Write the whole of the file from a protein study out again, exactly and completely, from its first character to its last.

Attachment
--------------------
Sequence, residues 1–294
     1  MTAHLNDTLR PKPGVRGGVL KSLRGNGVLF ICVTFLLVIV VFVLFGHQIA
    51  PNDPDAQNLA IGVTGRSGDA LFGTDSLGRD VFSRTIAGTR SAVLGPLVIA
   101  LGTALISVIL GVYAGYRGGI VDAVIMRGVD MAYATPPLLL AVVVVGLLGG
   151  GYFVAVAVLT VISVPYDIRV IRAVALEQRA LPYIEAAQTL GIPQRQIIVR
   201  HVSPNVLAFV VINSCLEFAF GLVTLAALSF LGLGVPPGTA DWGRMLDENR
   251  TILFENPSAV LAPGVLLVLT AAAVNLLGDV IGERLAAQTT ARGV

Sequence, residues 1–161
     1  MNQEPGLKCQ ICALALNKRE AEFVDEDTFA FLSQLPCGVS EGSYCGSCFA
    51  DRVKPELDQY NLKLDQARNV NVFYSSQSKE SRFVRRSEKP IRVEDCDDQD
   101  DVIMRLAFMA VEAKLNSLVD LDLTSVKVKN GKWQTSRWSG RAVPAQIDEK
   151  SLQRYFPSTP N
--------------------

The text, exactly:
Sequence, residues 1–294
     1  MTAHLNDTLR PKPGVRGGVL KSLRGNGVLF ICVTFLLVIV VFVLFGHQIA
    51  PNDPDAQNLA IGVTGRSGDA LFGTDSLGRD VFSRTIAGTR SAVLGPLVIA
   101  LGTALISVIL GVYAGYRGGI VDAVIMRGVD MAYATPPLLL AVVVVGLLGG
   151  GYFVAVAVLT VISVPYDIRV IRAVALEQRA LPYIEAAQTL GIPQRQIIVR
   201  HVSPNVLAFV VINSCLEFAF GLVTLAALSF LGLGVPPGTA DWGRMLDENR
   251  TILFENPSAV LAPGVLLVLT AAAVNLLGDV IGERLAAQTT ARGV

Sequence, residues 1–161
     1  MNQEPGLKCQ ICALALNKRE AEFVDEDTFA FLSQLPCGVS EGSYCGSCFA
    51  DRVKPELDQY NLKLDQARNV NVFYSSQSKE SRFVRRSEKP IRVEDCDDQD
   101  DVIMRLAFMA VEAKLNSLVD LDLTSVKVKN GKWQTSRWSG RAVPAQIDEK
   151  SLQRYFPSTP N